For the second straight season no ACC team faced a league rival before January. Besides eliminating one more reason to gripe about the primacy of Duke and North Carolina, which rarely played ACC games in December, the lack of early conference contests eliminated another yardstick for measuring relative strengths and differences.
Just another adjustment to life in a league where it’s unclear whether you should care anymore what Maryland does, even as the turncoat Terrapins roll to a likely 12-game winning streak against largely inferior nonconference competition.
Better, perhaps, to pay closer attention to the four programs waiting to join the ACC fold in the near future. So what if the Big Ten has six teams ranked in the top 25? So does the ACC – if you count members-in-waiting Louisville, Syracuse, Notre Dame, and Pittsburgh.
Louisville, of course, slid into the ACC lineup after the Terps cast their lot with the Big Ten. Both moves spiced up what was otherwise a fairly predictable fall for the ACC.
Football season came and went with the usual bottom line -- wait until next year.
Unless you’re Frank Spaziani or Tom O’Brien.
As for men’s basketball, nearly two months into the season matters have gone pretty much as anticipated.
Sure, some details could not be anticipated:
Duke beating three top-five teams within a two-week span.
Florida State, the defending ACC champion, losing at home to South Alabama and Mercer.
Miami, projected as an upper-division contender, losing to Florida Gulf Coast.
N.C. State, the league’s preseason favorite in some quarters, putting forth desultory effort in a 20-point defeat by Oklahoma State.
Virginia Tech getting off to its best start in 30 seasons (7-0) under James Johnson, a first-year head coach.
Individually, few projected Duke’s Mason Plumlee as the early favorite for ACC player of the year, or Rasheed Sulaimon as the best rookie.
N.C. State’s Rodney Purvis was supposed to be the top freshman, but teammate T.J. Warren has quietly mounted a threat to the league record for shooting accuracy, making 68.9 percent of his 103 field goal attempts through a dozen games.
And no one imagined the Hokies’ Erick Green would lead the nation, let alone the ACC, in scoring.
For all that, the main topics of basketball discussion as January dawns are hardly unexpected.
Duke atop the national polls? What else is new? Mike Krzyzewski’s Blue Devils have now been ranked No. 1 in 16 different seasons. This is the 107th week they’ve topped the Associated Press poll.
The Blue Devils won every game prior to year’s end, the eighth time since 2001 they’ve started with at least 10 straight wins.
Logic and precedent suggested Duke, with three senior starters and more McDonald’s All-Americans than any team in the country -- not to mention Krzyzewski on the sidelines -- was apt to be formidable. Returnees also had the goad of stinging embarrassment from their loss to little Lehigh in last year’s NCAA tournament opener.
Many observers, anxious to see something different, looked at N.C. State’s hot finish in 2012, along with four returning starters and a stellar freshman class, and immediately anointed the Wolfpack the ACC favorite.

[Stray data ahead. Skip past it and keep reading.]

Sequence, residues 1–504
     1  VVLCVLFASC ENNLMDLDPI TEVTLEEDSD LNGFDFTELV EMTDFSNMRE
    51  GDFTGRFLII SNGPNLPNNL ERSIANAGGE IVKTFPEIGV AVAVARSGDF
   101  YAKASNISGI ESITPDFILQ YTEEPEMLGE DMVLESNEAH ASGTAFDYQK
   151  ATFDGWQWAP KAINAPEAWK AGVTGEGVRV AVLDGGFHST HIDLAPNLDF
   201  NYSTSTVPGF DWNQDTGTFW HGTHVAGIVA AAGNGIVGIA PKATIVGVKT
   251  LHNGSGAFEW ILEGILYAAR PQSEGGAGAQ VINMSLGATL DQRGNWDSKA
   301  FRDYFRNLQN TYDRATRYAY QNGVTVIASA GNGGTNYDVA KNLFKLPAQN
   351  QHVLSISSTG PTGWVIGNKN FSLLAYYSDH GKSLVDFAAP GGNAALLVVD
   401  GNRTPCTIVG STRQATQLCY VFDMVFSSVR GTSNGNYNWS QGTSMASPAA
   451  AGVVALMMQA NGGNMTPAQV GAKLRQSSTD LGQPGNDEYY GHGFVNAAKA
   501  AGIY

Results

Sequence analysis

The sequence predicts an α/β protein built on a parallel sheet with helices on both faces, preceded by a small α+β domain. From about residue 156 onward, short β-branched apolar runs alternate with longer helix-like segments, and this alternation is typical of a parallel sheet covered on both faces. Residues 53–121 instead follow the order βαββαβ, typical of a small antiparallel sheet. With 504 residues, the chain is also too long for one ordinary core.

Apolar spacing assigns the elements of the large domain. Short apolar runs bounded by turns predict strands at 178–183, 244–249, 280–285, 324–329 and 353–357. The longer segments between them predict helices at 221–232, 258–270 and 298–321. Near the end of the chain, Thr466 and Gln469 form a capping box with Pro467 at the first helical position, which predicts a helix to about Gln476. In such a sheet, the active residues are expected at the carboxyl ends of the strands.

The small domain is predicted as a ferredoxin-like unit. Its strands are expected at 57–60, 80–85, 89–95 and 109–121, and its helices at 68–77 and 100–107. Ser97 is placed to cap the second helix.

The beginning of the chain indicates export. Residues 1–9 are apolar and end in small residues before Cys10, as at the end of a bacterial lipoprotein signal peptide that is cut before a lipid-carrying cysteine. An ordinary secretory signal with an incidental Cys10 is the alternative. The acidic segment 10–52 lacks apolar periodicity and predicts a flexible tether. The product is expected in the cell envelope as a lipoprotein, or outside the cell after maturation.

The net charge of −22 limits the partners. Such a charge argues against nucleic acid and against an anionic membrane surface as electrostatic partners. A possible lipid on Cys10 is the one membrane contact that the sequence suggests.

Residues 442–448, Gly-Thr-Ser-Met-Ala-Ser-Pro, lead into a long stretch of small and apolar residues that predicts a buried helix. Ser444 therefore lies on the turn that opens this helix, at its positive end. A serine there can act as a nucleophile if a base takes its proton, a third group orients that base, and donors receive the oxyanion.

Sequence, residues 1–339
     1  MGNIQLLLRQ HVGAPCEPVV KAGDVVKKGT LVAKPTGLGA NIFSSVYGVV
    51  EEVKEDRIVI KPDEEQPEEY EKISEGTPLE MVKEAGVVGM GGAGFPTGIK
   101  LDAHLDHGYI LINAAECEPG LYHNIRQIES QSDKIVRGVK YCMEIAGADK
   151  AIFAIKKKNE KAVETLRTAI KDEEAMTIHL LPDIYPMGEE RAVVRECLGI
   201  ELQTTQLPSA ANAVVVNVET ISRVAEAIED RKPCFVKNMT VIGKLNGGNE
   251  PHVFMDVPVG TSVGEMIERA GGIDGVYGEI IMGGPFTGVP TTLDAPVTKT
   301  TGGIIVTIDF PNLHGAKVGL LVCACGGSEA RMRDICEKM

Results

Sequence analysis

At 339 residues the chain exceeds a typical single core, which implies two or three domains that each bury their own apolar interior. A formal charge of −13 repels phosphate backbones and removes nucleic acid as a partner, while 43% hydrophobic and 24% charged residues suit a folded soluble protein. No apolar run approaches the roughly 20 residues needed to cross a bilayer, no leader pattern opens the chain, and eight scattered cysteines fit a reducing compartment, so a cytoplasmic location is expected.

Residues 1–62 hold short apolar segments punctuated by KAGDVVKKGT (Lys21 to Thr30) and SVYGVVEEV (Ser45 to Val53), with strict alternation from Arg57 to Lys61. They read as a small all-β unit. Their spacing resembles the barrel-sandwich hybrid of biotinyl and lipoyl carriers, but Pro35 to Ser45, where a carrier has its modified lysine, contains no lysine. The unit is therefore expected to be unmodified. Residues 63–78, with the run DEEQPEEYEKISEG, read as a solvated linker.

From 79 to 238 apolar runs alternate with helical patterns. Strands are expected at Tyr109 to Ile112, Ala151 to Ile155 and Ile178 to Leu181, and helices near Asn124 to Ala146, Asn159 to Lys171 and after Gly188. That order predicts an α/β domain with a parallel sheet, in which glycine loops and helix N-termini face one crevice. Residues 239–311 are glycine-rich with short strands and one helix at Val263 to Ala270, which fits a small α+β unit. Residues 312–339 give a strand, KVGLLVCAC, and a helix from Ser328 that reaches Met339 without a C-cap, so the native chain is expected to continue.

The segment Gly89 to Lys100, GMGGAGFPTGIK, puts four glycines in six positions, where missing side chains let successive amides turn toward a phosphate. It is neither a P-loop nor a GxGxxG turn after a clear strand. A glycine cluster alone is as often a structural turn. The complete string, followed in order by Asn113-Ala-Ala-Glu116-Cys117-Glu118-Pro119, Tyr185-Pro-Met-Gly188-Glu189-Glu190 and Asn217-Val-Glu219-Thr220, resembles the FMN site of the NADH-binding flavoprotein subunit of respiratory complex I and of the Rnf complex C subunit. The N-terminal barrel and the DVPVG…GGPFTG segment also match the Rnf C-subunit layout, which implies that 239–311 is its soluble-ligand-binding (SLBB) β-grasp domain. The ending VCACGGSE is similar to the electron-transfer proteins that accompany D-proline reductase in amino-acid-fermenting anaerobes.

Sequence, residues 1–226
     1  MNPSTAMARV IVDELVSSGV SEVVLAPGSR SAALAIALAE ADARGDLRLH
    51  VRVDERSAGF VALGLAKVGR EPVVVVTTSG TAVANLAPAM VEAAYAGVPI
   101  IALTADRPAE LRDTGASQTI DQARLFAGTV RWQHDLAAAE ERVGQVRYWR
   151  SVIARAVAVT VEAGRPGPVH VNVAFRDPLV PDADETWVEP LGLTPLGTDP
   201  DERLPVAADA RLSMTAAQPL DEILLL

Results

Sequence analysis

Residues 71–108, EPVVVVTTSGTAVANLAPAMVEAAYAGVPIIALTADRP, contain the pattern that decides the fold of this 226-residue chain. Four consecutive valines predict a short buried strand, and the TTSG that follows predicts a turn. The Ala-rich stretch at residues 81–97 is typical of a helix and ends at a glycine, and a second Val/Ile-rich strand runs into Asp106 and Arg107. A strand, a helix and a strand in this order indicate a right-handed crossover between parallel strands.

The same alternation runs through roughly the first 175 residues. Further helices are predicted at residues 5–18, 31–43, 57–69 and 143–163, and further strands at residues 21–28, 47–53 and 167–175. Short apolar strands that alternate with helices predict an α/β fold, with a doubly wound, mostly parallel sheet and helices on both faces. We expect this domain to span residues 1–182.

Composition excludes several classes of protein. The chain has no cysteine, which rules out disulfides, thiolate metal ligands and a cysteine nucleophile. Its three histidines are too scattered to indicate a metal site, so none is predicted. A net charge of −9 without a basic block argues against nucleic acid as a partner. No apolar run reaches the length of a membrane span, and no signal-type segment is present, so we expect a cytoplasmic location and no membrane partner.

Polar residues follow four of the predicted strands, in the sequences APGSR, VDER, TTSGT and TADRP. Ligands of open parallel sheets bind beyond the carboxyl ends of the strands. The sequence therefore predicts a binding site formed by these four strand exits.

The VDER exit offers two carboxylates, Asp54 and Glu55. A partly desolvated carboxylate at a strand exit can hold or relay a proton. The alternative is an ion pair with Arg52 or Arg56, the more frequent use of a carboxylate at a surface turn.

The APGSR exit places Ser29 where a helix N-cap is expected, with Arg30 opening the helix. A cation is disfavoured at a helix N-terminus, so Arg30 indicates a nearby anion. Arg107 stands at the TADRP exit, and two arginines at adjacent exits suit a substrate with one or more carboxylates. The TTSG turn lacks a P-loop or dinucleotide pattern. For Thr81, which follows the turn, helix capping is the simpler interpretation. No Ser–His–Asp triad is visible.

Then the Pack lost twice, including at Michigan - the Wolverines remain one of four undefeated teams in the nation along with Duke, Arizona, and Wyoming. Those stumbles caused opinion to shift so abruptly, Mark Gottfried’s club dropped entirely from the polls.
Some of the same over-enthusiastic prognosticators touting N.C. State in preseason rushed to call the team a disappointment, demonstrating the thinness of their conviction.
The Pack followed the Michigan loss with six straight wins. A team bristling with offensive weapons, N.C. State paces the nation in field goal shooting.
Not to worry -- there’s still room on the bandwagon, especially if State knocks off Duke at Raleigh on Jan. 12.
A few years back all the talk was about upgrading the league’s coaching, and the inevitable rise in prowess that would bring.
Gottfried is doing his part. As for the rest, we’re still waiting.
So far only four ACC teams beat ranked opponents in 2012-13, none on hostile courts. Overall the league has a losing record in such meetings.
Krzyzewski engineered half of the wins -- over Kentucky, Louisville, and Ohio State. Miami topped Michigan State, North Carolina subdued UNLV, and Virginia Tech bested Oklahoma State.
To be fair, early stumbles by Miami and Virginia came without key, injured starters.
UNC is exactly as expected – young, highly perimeter-oriented, lacking a reliable inside presence, and probably a year away from its customary eminence. FSU is even less seasoned, with seven freshmen to incorporate into its lineup.
Maryland has exceeded expectations, but has played all but two games near or at College Park. The Terps’ second road contest comes on Jan. 13 at Miami in their 16th outing of the year. That game lost a good bit of its luster with the news that
Georgia Tech, at 9-2, may be the true surprise in the bunch. Last year at this time Brian Gregory’s Yellow Jackets were 7-6; they would win only four more times in 18 tries and finish in a four-way tie for last in the ACC.
The Jackets are indicative of a minor resurgence -- for the first time in three years, no ACC team will have a losing record entering league play.
Whether that means anything is anybody’s guess.